Saturday, 23 April 2011

The Honda Hawk - Worlds Fastest CB750

This is a story of maybe the fastest CB750 ever, and hardly anyone has ever heard about it...

This is the story of one of the most eccentric challenges Honda has ever undertaken – the pursuit of the world land speed record. The was a skunk works project like mission that distracted a small but dedicated group of American Honda Employees for the better part of two years during the early 1970s.

Honda pursuit of the world land speed record was the brainchild of general manager of American Honda Masa Suzuki. Suzuki dedicated that it would be tremendous boost for Honda’s public relations effort if the company set a new absolute land-speed record for two-wheeled vehicles at the Bonneville Salt Flats.

Dubbed the Honda Hawk the machine was a conventional streamliner motivated by tandem turbocharger CB750 engines. The Hawk chassis was actually build by a Wisconsin-based company called Reaction Dynamics which had previously done development work on the record-holding, rocked powered Blue Flame streamliner. The Company spared absolutely no expense in creating the Hawk – a gorgeous machine, fitted with a sophisticated data-acquisition system that charted a dozen inputs, and high-tension drive chains that were packed in grease that cost $55 a quart. Despite this no-holds-barred attitude, the Hawk effort was never to achieve its goals.

According to Bob Jameson, one of the participants in the Hawk project, the effort was fatally flawed from the beginning. “First of, it was a PR project, not an engineering project”, Jameson says. “The project was pretty much governed by Honda’s advertising company – they prepared the contracts, established the sates of the runs – everything. And what they knew about running a land-speed record team, who knows?!"

But what was more troubling, Jameson says, was the attitude of the Honda bosses driving the project. Suzuki was a real ego guy, a fame and glory guy, a beat-your-chest guy. Jameson remembers. “He wanted to have the spotlight all to Honda, so we were alone on the salt”. This lack of experience, Jameson says, was the biggest stumbling block. With the exception of the limited help from Reaction Dynamics, the Hawk was entirely an internal project. And with the exception of Jameson, no one on the team had ever been to Bonneville before. The driver, an experienced road racer named John Mckibbon, had hardly exceeded 150 miles per hour, much less 300 miles per hour, and had never even sat in a streamliner. If you want to go fast, you find people who know how to go fast. Honda apparently paid no mind to this important rule?

The Honda land-speed effort got off to a bad start things quickly got worse. Honda made its first land speed record attempt in the fall on 1971, immediately following the Bonneville Speed week. Conditions were less than cooperative: Weather during the first runs was everything you don’t want for a record attempt - including rain and strong crosswinds. There were also mechanical problems, including a non-functioning rev limiter that led to and epidemic of bend valve stems. Worse McKibbon was having a terrible time keeping the Hawk upright.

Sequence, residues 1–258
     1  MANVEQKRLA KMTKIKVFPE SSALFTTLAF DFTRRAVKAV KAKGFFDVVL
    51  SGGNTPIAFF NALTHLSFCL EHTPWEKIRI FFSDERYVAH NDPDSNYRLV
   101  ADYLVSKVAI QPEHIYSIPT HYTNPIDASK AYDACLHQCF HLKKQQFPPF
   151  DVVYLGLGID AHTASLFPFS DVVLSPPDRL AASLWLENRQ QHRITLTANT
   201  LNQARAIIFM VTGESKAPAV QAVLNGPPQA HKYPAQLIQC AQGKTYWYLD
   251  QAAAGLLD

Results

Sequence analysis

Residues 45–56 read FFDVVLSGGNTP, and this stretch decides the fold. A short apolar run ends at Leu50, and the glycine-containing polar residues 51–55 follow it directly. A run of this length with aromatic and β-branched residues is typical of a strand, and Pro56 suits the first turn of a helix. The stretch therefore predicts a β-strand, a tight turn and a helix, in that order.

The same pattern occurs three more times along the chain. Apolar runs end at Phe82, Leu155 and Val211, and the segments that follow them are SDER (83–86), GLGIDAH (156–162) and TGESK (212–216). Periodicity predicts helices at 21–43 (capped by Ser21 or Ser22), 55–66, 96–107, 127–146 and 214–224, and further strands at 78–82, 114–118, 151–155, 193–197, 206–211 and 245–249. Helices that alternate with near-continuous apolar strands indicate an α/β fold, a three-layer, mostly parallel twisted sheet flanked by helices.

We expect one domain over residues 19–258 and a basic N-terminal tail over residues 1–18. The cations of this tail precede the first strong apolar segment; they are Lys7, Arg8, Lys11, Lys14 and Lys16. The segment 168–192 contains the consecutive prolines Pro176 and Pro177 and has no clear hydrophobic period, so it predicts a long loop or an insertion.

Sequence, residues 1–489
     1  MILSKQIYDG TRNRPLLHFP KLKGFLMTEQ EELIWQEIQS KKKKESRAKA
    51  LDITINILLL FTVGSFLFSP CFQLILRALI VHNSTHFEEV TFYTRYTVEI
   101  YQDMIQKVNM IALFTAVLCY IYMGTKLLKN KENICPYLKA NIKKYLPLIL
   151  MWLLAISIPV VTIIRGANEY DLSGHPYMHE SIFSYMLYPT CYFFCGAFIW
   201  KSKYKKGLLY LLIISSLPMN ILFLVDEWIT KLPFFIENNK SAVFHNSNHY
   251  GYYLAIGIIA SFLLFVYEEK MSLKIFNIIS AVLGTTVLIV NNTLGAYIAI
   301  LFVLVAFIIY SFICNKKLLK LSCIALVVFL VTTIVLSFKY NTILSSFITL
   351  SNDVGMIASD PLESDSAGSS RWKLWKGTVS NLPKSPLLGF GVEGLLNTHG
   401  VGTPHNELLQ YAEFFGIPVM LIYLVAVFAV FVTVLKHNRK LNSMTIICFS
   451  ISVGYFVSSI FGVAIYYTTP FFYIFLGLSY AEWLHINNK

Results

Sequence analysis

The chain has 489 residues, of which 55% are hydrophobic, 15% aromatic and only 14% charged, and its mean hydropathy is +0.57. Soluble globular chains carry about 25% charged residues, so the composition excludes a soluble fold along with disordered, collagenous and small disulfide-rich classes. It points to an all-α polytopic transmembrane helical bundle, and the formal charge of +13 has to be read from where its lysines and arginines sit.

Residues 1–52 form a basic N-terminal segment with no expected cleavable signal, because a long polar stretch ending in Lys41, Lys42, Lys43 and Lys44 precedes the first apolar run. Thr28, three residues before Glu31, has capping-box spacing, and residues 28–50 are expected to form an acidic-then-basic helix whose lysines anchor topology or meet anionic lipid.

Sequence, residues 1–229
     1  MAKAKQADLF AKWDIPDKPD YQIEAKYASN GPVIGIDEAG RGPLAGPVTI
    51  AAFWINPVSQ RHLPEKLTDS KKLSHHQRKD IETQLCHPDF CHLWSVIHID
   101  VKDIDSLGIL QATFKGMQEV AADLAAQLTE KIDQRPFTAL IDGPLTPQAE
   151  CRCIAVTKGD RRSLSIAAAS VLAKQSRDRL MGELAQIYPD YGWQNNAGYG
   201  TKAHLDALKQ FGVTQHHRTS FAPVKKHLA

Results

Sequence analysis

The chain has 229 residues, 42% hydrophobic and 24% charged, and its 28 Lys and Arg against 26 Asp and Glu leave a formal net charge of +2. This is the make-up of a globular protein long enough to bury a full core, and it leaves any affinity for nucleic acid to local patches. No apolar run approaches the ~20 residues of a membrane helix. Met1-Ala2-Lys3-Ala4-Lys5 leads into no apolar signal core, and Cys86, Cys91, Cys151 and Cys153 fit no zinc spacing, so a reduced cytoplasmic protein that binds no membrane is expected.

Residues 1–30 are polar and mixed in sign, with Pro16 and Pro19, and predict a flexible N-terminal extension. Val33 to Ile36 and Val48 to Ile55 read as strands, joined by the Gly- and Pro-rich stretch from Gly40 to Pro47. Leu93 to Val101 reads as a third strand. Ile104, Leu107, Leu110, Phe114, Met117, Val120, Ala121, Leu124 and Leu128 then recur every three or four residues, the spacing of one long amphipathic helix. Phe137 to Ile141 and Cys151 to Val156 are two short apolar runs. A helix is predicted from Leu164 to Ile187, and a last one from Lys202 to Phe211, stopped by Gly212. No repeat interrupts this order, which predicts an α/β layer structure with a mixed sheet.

To create the Hawk, Reaction Dynamics had basically borrowed the front design from its earlier and more successful Blue flame. The only problem was that the Blue Flame was a tricycle chassis geometry did not appear to be compatible with the motorcycle chassis at speed. The result was that McKibbon and the Hawk fell down a lot – nearly every run. By the end of the first day, the once gorgeous Hawk was salt scarred on both sides and held together with duct tape. McKibbon did eventually cross the 300 mil per hour barrier, breaking the traps one time at 305 miles per hour. Unfortunately the streamliner was travelling on its side at the time, and McKibbon broke his hand in the process.

After a few fruitless days on the salt the Honda team swallowed its pride and placed a phone call to Don Vesco, the former Honda road racer and land-speed legend whose assistance they had earlier refused. Dix Erickson, another member of the team, raced down to Tesco’s shop in California to borrow the front end from Tesco’s own record-holding streamliner, in a last-ditch attempt to find some stability. Once Vesco’s front clip was put on, the Honda team made some promising runs, but none that they could turn around quickly enough. Timing rules require that any record runs be backed up with another. Finally, time and weather ran out, and Team Honda was forced to retreat back to California without the title of the World’s Fastest Motorcycle, much to the chagrin of the ad department, which was so confident in the inevitability of Honda’s accomplishment that it had already finished an entire ad campaign built around the nonexistent record. The Honda team rushed to rebuild the front end of the Hawk, and brought it back to Bonneville once more in late October – but winter had arrived on the salt by then, and the wet surface prevented record speeds from being attained. In the end, Honda never did achieve a land-speed record with the twin-engined Hawk.

During the off-season, the team constructed an entirely new Hawk, with a totally different body and chassis concept, but this second-generation machine never even made it to the salt. Funding was cut and the mission was aborted before the Hawk II could even be rolled out of the shop. Ironically, all the landspeed glory in the 1970s went to former Honda racer Don Vesco and his Yamaha and Kawasaki powered streamliners.

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